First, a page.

Monday, 11 March 2013

Malnutrition in Ancient Egypt

Another interesting article about health in ancient Egypt:

Malnutrition among ancient Egypt's wealthiest left few seniors

"Malnutrition killed off so many of the wealthiest people before they reached their 30th birthday rather than wars, parasites, or infected teeth, say archaeologists. So senior health was a rare happening because so few people--even the wealthiest lived to become senior citizens. Take for example, some of the most highly populated areas in ancient Egypt. Researchers from the University of Granada and the University of Jaen take part in the excavation of the Qubbet el-Hawa necropolis, in the Egyptian region of Aswan which is in the southern part of Egypt.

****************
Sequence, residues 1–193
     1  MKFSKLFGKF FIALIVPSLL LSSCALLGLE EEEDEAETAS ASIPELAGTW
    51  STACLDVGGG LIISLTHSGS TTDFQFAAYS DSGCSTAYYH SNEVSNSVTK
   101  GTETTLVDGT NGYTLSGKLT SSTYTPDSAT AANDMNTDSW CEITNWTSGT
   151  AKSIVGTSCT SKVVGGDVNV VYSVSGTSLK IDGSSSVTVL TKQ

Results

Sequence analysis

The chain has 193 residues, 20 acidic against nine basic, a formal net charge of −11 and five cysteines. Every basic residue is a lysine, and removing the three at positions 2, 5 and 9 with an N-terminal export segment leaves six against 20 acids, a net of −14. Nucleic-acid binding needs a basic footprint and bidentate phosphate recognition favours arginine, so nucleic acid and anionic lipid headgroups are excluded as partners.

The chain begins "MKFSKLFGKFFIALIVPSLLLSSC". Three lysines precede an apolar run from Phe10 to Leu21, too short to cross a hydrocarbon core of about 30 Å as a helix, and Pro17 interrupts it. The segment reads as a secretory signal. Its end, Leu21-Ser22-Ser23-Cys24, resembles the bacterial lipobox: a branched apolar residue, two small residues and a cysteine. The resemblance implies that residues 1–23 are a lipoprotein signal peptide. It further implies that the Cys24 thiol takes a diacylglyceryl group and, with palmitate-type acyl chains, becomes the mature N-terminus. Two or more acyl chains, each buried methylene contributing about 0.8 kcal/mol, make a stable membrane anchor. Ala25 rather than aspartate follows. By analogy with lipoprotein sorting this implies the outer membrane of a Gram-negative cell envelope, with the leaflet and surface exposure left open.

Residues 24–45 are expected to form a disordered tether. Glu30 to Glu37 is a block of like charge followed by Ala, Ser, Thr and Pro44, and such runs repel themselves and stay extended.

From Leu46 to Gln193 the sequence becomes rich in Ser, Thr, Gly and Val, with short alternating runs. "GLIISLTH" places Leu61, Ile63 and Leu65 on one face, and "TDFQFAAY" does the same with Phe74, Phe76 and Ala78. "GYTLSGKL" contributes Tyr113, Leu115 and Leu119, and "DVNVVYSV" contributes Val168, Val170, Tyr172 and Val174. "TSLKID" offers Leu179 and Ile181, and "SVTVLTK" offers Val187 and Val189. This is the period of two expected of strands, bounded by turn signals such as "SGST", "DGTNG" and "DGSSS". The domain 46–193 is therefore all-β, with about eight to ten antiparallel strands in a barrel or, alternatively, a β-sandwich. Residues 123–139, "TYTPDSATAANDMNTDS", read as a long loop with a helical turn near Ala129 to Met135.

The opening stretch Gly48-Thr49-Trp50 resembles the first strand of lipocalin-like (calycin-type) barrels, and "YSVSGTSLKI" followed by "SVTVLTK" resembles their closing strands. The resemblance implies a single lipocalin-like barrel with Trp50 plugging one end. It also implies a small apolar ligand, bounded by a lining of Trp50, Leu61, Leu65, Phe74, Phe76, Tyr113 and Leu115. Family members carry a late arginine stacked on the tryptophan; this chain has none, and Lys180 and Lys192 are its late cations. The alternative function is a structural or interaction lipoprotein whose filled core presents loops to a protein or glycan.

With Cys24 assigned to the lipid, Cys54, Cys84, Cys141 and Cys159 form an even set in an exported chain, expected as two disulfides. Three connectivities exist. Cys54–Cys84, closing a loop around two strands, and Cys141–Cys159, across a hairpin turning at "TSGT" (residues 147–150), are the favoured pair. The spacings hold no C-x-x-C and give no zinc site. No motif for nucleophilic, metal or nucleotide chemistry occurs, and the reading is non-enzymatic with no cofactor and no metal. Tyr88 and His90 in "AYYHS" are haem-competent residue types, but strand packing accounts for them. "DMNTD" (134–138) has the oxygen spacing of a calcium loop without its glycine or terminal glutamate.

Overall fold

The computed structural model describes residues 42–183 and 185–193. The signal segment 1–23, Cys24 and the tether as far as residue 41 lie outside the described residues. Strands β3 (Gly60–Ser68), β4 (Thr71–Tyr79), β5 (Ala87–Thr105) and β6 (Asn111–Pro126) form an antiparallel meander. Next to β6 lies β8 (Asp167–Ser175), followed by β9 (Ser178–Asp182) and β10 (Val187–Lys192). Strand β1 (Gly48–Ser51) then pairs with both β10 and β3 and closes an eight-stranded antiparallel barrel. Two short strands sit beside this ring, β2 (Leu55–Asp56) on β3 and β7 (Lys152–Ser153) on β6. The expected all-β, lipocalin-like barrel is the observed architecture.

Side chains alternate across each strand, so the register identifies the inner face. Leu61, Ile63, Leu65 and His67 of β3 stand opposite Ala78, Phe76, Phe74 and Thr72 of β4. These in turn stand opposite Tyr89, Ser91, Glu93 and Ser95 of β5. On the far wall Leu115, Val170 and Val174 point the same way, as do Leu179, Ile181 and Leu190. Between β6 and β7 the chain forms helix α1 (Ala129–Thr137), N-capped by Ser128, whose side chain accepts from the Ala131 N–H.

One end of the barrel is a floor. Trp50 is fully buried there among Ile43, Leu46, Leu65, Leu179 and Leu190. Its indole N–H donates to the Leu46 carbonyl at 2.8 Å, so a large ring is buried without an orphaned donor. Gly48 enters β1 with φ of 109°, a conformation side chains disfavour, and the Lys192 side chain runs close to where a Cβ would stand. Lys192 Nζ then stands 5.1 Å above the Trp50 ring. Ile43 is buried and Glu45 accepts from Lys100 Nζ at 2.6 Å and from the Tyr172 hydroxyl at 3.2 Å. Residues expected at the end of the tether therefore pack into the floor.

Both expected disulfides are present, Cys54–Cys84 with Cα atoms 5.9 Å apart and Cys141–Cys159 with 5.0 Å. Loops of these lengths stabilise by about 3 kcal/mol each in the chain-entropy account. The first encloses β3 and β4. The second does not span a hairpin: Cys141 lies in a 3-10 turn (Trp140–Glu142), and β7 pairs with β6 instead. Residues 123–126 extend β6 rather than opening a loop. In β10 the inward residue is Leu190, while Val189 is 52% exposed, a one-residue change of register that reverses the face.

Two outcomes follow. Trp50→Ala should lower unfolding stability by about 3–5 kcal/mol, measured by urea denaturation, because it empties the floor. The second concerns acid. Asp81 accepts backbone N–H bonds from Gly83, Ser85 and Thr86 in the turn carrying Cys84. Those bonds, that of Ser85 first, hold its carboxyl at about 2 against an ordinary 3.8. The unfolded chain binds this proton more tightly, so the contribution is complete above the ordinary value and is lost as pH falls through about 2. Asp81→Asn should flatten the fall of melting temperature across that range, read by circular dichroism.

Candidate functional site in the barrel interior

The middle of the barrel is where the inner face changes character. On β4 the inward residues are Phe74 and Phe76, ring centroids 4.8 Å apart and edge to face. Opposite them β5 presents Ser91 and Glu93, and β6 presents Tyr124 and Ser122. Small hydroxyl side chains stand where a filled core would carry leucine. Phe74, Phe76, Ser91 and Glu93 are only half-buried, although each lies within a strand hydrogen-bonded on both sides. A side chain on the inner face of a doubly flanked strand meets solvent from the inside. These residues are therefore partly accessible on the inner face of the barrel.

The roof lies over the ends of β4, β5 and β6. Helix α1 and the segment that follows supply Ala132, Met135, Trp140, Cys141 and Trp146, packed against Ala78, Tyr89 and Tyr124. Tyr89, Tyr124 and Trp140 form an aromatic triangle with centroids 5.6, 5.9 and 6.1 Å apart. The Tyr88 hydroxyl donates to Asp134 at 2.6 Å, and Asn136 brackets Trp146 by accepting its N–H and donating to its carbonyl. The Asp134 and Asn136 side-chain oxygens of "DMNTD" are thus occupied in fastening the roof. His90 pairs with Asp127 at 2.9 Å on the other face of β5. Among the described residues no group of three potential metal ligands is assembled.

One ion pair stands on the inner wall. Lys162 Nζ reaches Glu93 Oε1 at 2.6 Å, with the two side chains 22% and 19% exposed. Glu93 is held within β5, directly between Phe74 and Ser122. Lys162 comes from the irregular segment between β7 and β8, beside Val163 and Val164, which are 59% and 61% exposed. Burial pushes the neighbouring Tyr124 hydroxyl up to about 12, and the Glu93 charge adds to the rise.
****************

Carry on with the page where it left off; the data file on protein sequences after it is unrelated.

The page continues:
After analyzing more than 200 mummies and skeletons found in tomb no. 33, they have come to the conclusion that not even the chief governors lived in such good conditions as was thought up to now. Young adults between the ages of 17 and 25 were dying from malnutrition." 
Image-Examiner.com

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